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In my last job, there were a lot of perverse incentives that prevented most team members from really doing their best. There was one co-worker who managed to do nothing since work from home started simply by being 100% available on the Slack chat and claiming to be resolving "production issues." He is actually building a startup for Y Combinator.

Guy is brilliant and highly capable (regularly given large raises), but when management stopped looking, he stopped working. His view was that if your boss doesnt see your effort or your result there is no point in doing the work as there is then no reward.

I wasn't really much better. Management in the job did not give time for fixing bugs in planning periods so no bugs were ever found by the developers. Unless a customer complained, my features were 100% bug free. I also never bothered to learn the business domain because I knew I was going to leave, making knowledge of how the business worked useless to me. I instead just outsourced all that to the business analyst. That probably cut my productivity in half for the company but also let me learn Go on company time. There was also some resume driven development in there.

On the project management side I have friends who have pushed projects doomed to fail simply because they wanted a large dollar figure on their resumes. One of them pushed to clone Zendesk internally because of that.

Ive done a lot of things to benefit myself that screwed my company because it made sense for me to do that. I am wondering if there is a way to structure things to prevent that now that I am in management and get to create my team from scratch.

What should I know about perverse incentives when designing and building my new team?

I am not in favor of coercion.

  • This got posted to Quora quora.com/unanswered/… – Matthew Gaiser May 20 at 1:45
  • What's your own, personal goal for going into management? Why do you want to manage a team? Is "being the team lead" itself a perverse incentive on your side? – Erik May 20 at 5:59
  • You seek to deny others the opportunities you already took advantage of? Lol – Bwmat Jul 3 at 10:13
  • This will sound insulting, I apologize for that up front. As I read your pre-amble I sense low integrity in how you behaved as an IC. As a leader, if you want employees with impeccable integrity, you need to exemplify that integrity and connect them with the vision of your company. Your directs are always watching. If you cut corners because you think no one is watching, so will they. – Joel Etherton Jul 3 at 15:19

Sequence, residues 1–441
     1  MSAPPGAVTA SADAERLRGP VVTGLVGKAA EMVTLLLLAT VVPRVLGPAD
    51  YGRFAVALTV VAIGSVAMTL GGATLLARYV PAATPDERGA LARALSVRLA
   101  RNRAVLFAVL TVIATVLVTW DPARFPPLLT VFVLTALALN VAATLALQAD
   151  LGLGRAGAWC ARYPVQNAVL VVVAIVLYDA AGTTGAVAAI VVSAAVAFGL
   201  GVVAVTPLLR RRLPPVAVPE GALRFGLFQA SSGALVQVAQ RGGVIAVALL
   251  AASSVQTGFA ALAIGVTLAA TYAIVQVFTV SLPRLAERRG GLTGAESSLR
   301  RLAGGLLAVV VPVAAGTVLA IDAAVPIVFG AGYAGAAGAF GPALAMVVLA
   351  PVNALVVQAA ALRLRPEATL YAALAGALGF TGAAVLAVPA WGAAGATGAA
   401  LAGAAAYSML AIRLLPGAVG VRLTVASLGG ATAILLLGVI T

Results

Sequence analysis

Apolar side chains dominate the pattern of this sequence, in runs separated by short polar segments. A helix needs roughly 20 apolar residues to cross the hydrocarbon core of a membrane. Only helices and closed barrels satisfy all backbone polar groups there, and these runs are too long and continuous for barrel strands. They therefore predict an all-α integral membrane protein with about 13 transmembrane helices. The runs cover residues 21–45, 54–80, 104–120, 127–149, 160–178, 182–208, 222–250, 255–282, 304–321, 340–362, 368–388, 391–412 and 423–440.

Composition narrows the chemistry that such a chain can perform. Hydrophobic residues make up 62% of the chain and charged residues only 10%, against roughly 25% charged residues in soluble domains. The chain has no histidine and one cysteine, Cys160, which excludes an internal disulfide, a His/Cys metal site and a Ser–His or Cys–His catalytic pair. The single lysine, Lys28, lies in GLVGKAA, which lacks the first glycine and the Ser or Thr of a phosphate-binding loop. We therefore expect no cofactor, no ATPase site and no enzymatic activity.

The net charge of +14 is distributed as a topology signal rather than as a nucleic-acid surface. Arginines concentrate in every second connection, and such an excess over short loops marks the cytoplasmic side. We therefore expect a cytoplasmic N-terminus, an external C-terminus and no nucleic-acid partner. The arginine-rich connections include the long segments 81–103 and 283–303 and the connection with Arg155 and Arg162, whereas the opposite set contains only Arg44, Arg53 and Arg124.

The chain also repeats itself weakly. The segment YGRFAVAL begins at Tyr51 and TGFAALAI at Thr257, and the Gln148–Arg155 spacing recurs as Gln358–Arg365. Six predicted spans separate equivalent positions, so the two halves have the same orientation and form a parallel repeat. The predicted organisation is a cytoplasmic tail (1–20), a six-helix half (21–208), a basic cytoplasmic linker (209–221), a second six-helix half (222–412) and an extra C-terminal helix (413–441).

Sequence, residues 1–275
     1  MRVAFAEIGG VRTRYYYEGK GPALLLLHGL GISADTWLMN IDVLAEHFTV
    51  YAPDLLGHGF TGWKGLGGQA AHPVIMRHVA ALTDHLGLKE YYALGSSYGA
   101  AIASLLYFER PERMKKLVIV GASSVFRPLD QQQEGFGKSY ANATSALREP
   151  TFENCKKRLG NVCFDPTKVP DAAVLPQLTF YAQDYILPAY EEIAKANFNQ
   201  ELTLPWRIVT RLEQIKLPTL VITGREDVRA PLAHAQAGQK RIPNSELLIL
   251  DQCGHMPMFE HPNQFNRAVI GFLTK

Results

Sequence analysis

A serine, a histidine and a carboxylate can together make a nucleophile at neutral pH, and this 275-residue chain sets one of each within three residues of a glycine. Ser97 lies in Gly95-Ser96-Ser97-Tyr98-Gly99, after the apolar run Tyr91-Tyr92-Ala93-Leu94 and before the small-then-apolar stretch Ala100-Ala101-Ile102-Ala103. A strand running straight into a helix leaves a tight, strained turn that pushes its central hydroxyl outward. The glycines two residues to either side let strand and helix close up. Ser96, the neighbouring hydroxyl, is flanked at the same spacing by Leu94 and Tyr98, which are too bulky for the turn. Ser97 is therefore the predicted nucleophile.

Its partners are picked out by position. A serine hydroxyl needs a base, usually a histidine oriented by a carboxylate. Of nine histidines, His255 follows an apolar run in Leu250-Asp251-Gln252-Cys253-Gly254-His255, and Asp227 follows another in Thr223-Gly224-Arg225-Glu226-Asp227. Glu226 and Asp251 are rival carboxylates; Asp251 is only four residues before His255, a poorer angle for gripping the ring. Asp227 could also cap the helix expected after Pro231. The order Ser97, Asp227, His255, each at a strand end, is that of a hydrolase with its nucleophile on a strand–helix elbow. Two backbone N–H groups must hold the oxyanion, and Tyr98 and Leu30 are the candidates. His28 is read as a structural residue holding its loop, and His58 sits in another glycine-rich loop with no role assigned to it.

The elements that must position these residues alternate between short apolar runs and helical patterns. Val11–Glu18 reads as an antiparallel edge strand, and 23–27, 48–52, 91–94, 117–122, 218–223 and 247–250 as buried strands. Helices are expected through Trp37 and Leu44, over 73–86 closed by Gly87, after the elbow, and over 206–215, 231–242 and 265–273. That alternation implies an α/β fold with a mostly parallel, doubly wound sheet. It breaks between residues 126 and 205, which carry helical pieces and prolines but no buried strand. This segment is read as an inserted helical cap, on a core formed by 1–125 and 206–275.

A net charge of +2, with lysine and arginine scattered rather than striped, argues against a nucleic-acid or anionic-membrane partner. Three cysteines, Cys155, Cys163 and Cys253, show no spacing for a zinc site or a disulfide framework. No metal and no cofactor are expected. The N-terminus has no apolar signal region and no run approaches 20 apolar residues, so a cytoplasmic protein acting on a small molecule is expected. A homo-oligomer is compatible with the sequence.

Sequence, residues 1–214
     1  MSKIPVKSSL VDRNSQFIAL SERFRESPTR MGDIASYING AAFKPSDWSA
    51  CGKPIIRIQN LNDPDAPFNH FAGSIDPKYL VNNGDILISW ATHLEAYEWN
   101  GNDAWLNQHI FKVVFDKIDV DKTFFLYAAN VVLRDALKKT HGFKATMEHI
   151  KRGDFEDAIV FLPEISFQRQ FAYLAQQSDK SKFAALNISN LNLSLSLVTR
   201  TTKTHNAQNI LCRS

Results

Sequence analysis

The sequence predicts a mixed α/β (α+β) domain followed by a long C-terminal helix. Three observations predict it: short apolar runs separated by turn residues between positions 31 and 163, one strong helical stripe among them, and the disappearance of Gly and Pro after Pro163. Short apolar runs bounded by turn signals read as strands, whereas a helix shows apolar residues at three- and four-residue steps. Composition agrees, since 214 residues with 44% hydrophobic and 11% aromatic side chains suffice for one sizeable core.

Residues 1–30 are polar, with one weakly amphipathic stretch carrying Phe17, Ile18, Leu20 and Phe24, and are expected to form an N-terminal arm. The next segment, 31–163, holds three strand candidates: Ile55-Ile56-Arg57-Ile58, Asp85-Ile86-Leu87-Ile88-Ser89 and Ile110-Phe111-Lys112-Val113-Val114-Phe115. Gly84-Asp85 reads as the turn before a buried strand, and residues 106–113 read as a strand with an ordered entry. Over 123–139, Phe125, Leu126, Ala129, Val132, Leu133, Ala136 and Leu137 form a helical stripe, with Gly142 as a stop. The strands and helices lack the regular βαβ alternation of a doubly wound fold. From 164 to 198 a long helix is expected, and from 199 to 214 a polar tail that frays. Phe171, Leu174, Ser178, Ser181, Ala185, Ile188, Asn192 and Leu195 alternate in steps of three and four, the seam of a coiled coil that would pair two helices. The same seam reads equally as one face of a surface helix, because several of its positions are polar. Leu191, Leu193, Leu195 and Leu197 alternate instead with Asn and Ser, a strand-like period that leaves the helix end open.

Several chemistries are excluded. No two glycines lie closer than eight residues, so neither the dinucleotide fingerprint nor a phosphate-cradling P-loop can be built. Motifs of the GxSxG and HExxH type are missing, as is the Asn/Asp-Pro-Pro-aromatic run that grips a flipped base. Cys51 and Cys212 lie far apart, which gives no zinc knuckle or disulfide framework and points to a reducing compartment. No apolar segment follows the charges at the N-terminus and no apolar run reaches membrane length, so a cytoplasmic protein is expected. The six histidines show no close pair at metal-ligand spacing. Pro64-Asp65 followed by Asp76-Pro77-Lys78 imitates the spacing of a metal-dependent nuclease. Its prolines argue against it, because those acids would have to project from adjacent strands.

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Think carefully about what you want from team members and align interests and incentives

As far as I can tell, most managers give very little consideration to this on a day to day basis and that lack of consideration can be seen frequently in questions on this site. Many things that managers hate are because they expect employees to make themselves worse off for no gain.

Now, all things being equal, most employees will do the right thing. However, there are plenty of dumb things that press on the scales of that judgment.

We had a question on here about why people do not challenge management mistakes. LetThemFail has an extreme example and all those employees are willing to let the project explode because they found leaving to be cheaper than talking to their bosses.

We had a question about a guy who gets out of doing the unpleasant work by seeming unqualified, letting him focus on work which is rewarded.

We had a question on here about letting bugs flood production so that management recognized the development team for its efforts.

We had a question where a boss got mad about an employee for not wanting "greater challenge." In the answers, there is an excellent parable about a mule. It did not even occur to this manager why his employee may not want the project.

All of these situations are a failure of management to consider the choices available to their employees, the economic value of the choices, and to alter company behavior to make the choices they want make sense for their employees.

Resume driven development and not learning the domain are just acknowledging the inherent lack of long term incentives that software developers assume to exist. Developers generally know that they will be searching for new employment every two years or so, causing them to be very conscious of what is on their resumes. I suspect you learned Go because that is the new hot technology employers want.

Put some conscious thought into the day to day activities of your developers.

If you want unit tests, you can't pester developers to get the features out quickly.